AMID these details, my grandfather’s story begins. After three years of legal wrangling over Judge Aiken’s questionable injunctions, the process of sentencing the 300-odd protesters — some 50 of whom had been beaten so badly they needed hospitalization — began. The majority were sentenced to fines and hard labor.
After (as I hear it) downing some bourbon, my grandfather fired off a letter to Judge Aiken, whom he knew from Rotary and the country club. He called the sentencing of the protesters a sign of “petulance,” and called Judge Aiken’s decision “inane.”
My grandfather was not a protester by nature. My grandparents did learn to sing “We Shall Overcome” when my uncle came home from college one summer, and they did eventually work to urge their neighbors to allow the schools to integrate peacefully. But my grandfather also scolded my father for watching a demonstration. I doubt he considered marching.
But he found that even writing the letter pushed him over an unseen boundary. He arrived at work the next Monday morning to be served a bench warrant. He was taken to jail, and then the courthouse, where Judge Aiken sentenced him to the same jail time being served by the demonstrators and double the fine they paid, citing contempt of court.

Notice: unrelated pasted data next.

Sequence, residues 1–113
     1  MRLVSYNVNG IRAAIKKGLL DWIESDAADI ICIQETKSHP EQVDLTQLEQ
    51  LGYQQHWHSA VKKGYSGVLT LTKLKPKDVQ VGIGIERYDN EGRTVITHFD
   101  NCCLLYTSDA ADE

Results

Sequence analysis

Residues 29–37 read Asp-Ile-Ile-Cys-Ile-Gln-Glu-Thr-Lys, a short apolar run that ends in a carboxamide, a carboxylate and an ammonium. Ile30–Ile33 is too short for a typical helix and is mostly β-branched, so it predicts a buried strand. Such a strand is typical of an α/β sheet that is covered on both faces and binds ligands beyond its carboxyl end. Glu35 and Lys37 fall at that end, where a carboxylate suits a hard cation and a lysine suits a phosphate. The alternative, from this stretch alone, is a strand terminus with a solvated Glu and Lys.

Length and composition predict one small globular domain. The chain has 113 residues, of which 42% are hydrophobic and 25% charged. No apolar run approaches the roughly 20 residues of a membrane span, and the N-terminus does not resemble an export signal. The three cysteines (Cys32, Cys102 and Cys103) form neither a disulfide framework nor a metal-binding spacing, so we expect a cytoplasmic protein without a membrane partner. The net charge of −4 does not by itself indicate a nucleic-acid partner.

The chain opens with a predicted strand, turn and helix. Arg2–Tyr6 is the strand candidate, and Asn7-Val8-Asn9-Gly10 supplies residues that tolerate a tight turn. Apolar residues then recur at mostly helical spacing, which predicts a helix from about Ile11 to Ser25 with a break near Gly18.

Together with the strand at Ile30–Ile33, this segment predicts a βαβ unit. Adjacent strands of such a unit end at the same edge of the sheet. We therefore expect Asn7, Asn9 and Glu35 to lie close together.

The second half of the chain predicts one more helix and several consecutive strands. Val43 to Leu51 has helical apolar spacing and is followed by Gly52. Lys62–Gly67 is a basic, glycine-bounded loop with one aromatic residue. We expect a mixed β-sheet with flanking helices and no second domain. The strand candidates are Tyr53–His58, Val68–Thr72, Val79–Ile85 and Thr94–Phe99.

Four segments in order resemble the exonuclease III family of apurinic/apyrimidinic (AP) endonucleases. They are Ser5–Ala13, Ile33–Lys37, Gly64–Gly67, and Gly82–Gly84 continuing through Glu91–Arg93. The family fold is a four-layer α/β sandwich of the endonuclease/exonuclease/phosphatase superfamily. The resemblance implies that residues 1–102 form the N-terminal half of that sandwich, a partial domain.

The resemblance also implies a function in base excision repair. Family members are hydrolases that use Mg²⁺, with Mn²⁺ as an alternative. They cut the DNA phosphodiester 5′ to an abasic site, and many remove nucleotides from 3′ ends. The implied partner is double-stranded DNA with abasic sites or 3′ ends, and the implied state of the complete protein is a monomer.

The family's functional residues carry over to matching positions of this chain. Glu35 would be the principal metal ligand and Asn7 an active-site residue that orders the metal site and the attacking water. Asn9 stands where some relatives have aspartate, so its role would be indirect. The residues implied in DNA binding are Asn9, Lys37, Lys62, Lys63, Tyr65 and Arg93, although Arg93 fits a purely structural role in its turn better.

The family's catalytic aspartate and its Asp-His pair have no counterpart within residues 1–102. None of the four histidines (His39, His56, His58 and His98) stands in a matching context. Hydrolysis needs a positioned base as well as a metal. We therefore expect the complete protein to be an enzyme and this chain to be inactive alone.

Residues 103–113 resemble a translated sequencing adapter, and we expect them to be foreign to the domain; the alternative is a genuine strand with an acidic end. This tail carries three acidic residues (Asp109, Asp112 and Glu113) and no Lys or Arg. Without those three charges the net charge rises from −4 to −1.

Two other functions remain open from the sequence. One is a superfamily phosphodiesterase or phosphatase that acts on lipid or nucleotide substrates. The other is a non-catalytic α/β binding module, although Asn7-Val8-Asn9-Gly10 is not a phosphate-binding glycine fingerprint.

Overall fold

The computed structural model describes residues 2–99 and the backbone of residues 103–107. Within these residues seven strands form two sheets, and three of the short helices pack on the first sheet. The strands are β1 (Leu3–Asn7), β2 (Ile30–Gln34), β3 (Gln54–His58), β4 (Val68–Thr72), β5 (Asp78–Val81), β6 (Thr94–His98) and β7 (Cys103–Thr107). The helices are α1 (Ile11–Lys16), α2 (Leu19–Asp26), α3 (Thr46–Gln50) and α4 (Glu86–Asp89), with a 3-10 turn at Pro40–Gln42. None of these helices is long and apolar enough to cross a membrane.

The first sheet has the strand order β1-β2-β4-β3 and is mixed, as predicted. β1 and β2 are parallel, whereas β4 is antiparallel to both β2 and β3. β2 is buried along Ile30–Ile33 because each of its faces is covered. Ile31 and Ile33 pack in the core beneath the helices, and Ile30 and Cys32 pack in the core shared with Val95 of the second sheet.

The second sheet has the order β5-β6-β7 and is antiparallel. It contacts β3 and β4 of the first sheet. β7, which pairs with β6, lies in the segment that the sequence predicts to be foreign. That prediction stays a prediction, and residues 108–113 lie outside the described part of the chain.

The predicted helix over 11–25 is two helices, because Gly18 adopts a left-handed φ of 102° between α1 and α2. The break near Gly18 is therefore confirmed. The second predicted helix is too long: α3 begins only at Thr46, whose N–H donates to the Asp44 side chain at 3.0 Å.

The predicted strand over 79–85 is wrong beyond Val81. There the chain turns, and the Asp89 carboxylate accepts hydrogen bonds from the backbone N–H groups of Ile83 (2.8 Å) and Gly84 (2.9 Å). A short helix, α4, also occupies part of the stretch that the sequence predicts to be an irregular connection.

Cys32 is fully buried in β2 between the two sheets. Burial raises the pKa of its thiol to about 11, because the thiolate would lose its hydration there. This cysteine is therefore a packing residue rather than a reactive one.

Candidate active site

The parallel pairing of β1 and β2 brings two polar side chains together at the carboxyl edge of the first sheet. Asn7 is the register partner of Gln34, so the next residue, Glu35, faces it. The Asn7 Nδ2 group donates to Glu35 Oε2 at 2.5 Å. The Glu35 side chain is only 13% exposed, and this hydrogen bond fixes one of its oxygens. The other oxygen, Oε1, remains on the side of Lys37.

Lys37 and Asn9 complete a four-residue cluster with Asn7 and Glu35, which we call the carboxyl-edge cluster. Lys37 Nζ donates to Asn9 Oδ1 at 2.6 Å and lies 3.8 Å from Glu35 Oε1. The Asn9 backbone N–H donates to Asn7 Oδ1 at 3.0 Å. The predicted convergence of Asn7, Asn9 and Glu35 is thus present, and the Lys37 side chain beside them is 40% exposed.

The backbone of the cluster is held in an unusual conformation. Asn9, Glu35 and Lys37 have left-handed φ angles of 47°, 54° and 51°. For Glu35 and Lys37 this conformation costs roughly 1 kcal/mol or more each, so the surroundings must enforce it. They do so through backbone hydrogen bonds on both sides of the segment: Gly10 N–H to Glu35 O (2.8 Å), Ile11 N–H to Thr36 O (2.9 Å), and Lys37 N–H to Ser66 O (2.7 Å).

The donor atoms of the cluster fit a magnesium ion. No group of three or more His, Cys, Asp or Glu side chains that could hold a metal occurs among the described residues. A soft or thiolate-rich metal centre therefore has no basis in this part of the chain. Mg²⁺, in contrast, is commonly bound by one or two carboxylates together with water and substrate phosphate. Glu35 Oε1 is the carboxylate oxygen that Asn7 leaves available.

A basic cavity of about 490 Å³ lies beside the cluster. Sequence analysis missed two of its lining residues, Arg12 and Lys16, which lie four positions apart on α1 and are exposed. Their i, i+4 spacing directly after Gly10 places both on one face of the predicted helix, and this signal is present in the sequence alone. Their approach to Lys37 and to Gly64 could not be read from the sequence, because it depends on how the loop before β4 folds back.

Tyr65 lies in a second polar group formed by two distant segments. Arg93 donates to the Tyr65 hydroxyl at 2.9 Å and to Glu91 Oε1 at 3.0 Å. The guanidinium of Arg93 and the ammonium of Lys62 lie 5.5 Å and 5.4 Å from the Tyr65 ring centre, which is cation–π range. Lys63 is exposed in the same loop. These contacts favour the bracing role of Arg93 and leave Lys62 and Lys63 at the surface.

My grandfather’s case got more local press than the first demonstrations had. In contrast to names like Lawrence and Gloria Campbell’s that the paper had refused to dignify, his name made the paper, not only in Danville, but in Richmond, Roanoke, Greensboro, N.C., and Washington. Some lawyers in Danville ran counter-editorials defending Judge Aiken and mocking my grandfather.
When Mills E. Godwin Jr., Virginia’s governor, returned from a meeting with President Lyndon B. Johnson, journalists asked him about what had happened to Leigh Taylor in Danville. (Godwin sidestepped the question, calling the whole situation “unfortunate.”)
At the advice of his lawyer, my grandfather, still a mill employee with four children to raise, apologized to the judge. Even then he wasn’t without spirit. Asked what he meant to achieve by his letter, he told Judge Aiken, “I wanted you to know what some people were thinking.”
Then he asked not to be sentenced, saying, “I hope you’d think of my position in the community.” Judge Aiken responded, “Mr. Taylor, you should have thought of my position in the community.”
Judge Aiken eventually vacated the jail sentence, but not the fine. Nevertheless, a chill fell around parts of my grandfather’s life in Danville. Although he was only in his mid-40s, he never got another promotion. He worked the same position in the mill for another 20-odd years.